I have an itch to work with wildlife. A bad itch. An itch that tugs at the back of my brain all day, every day, day in and day out. No matter what I’m doing, I’d rather be sharing space with an animal. I’m not picky: I’d even take insects and spiders over a desk job if I was in a real bind.
In Oregon, I’d been accepted into a spectacular captive animal management program, but couldn’t procure the funds to attend. Heartbroken, I returned to the East Coast, trying my best to believe that something equally as incredible was in the making. (I’m the kind of person that believes if a thing isn’t in your best interest, you don’t get it, no matter how badly you thought you wanted it; but walking away from zoo school was a doozy.)
Fast forward six months, and a combination of coincidence and free time led me to email a local wildlife rehabilitator to see if she needed volunteers. Wildlife rehab is a world of unpaid, tireless work for creatures that will bite you, shit on you, and most likely hate you with every fiber of their being. But more importantly, it’s a world of creatures whose lives are only a passing whisper to most humans, a glimpse of what is otherwise just mystery. It’s a world of injuries and orphaning, of human-caused suffering, but of healing, resilience, and the return of a living being to its home. It’s a world of hope; fur and scales and teeth and hope. Read the rest of this entry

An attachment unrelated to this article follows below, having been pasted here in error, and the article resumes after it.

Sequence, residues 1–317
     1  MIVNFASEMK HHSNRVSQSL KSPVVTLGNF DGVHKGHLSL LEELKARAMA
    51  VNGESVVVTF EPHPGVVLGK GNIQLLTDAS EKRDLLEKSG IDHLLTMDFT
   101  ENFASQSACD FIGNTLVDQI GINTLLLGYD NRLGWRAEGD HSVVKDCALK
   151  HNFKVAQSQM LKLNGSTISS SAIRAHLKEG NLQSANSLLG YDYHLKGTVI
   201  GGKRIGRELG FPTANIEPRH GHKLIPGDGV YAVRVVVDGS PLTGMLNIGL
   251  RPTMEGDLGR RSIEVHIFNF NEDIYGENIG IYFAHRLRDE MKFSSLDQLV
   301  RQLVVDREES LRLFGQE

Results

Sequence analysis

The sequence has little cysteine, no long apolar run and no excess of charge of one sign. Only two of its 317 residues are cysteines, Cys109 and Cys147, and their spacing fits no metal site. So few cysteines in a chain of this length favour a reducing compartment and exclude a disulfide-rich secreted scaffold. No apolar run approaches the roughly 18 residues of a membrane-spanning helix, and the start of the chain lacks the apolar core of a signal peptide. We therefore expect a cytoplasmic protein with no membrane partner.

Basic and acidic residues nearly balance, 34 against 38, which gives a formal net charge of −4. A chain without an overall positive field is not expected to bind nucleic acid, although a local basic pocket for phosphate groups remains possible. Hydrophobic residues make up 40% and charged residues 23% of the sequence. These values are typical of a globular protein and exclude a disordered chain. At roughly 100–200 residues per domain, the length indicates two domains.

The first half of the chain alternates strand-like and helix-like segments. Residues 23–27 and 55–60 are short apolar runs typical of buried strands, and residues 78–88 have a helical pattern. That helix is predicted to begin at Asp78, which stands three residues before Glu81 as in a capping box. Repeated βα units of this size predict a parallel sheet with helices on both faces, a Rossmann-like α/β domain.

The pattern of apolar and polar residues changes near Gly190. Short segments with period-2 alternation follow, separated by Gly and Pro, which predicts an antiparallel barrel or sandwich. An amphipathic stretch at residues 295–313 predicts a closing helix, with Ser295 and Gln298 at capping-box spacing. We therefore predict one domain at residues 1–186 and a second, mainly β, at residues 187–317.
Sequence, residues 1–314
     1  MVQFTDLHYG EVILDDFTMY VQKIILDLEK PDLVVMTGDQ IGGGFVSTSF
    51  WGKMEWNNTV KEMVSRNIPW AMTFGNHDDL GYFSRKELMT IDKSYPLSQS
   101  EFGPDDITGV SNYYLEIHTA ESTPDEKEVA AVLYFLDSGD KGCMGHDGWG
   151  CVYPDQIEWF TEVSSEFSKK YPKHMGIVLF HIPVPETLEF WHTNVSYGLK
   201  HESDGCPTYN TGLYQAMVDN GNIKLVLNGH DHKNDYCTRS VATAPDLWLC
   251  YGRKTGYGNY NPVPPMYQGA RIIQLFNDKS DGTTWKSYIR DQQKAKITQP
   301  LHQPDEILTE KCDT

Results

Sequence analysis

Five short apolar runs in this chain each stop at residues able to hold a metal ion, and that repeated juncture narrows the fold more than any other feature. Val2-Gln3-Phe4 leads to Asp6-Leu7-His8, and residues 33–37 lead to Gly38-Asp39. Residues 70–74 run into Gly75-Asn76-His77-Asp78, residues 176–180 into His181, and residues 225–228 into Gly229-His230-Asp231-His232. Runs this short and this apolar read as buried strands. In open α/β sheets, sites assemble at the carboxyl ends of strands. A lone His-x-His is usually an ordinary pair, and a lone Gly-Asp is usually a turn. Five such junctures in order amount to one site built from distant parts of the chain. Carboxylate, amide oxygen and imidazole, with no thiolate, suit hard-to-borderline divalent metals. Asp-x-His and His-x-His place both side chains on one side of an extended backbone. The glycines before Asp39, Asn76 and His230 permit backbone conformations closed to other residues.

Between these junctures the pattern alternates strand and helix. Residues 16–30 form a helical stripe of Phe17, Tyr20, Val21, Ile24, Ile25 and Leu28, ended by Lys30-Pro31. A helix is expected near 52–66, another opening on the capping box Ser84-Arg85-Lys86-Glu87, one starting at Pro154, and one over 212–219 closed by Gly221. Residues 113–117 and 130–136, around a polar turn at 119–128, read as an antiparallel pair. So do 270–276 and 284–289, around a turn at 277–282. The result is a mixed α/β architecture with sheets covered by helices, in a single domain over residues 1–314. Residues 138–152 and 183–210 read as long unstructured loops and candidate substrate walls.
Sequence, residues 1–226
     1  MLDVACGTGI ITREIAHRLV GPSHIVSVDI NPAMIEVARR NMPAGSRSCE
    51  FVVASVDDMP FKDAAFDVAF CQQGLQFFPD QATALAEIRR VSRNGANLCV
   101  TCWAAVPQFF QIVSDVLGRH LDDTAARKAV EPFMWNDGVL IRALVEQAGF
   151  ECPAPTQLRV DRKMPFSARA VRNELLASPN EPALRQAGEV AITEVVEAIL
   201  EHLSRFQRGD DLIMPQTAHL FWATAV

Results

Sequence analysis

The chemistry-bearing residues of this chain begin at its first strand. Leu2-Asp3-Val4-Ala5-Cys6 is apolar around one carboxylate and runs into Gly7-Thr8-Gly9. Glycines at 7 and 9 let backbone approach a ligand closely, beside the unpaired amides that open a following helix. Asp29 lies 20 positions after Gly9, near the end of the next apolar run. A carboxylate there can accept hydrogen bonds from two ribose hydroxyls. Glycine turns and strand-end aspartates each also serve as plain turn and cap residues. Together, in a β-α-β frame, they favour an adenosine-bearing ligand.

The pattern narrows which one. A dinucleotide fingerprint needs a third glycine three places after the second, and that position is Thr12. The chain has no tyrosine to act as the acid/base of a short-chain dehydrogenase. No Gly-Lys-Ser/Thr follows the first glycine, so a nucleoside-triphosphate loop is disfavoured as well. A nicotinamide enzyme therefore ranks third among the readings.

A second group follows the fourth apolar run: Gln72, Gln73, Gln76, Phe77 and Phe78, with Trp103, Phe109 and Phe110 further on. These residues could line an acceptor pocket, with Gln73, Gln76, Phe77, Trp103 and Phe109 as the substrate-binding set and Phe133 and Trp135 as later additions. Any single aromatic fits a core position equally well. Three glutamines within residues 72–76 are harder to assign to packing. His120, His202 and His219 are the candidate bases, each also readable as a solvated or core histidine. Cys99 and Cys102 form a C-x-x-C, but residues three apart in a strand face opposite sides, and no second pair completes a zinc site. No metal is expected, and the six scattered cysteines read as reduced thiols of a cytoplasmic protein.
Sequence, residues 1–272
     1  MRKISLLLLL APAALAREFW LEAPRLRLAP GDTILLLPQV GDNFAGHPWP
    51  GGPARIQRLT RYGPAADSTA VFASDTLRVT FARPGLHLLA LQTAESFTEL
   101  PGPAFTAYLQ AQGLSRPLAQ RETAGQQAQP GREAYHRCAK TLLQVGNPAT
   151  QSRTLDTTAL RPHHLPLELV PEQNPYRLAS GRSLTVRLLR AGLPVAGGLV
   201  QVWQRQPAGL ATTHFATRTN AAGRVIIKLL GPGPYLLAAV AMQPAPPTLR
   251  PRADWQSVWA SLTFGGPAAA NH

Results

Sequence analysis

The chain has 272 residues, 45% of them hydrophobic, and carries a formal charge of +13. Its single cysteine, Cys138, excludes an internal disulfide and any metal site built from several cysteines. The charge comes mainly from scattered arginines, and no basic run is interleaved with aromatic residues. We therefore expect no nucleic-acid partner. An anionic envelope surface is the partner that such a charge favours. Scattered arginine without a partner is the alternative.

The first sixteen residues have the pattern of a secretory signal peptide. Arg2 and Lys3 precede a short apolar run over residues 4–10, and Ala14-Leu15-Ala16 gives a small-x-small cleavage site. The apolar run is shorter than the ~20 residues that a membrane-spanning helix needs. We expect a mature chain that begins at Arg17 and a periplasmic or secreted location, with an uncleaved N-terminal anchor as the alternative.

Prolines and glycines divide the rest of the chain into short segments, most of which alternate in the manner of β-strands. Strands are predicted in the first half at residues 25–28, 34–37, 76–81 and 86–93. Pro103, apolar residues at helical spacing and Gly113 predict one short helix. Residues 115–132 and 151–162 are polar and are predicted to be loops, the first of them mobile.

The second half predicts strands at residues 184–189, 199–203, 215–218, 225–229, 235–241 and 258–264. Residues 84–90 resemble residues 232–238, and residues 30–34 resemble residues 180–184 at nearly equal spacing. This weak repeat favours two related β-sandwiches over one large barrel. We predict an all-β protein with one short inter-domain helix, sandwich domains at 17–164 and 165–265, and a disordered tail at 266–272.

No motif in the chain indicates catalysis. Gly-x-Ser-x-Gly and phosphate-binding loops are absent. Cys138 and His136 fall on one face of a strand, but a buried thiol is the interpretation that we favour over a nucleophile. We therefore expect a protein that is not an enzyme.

I’ve had my Rosy Boa Isis and my two Rubber Boas for several years now. Amongst the other thousand reasons that I love spring, these three slithery friends give me one more reason: they wake up from their winter sleep.
My three boas hibernate during winter, even though I have their heat lamps on at all times. Their internal clocks just know when it’s time to rest and right around August or September, they’ll all lose interest in eating and start slowing down. The two Rubber Boas will bury themselves into the wood chips and hardly emerge for more than six months. The Rosy Boa, however, doesn’t dig down or curl up in her hideout: she likes to lay right out in the open on the cold side of the tank and snooze. Every few weeks she’ll rouse herself for some water and a quick bask under the heat lamp, but then she’s right back to rest.
Any offer of food during winter is duly ignored, so I get really excited for that first meal of the year. This year, the Rosy started to get more active in early March, while the two Rubbers didn’t appear until the end of March.
The last time I moved, I needed somewhere safe to keep my giant Sugar Pine cone so I put it in the tank thinking at least it would be safe til I arrived at my new place. Turns out the Rubbers love climbing all over it and sleeping on it, so, well, it lives in their tank forever now.
There was a full bowl of fresh, clean water in the tank but they apparently preferred slurping it off the walls after I sprayed the tank to raise the humidity a bit. Which seems weird, but I suppose I’m not one to judge weird.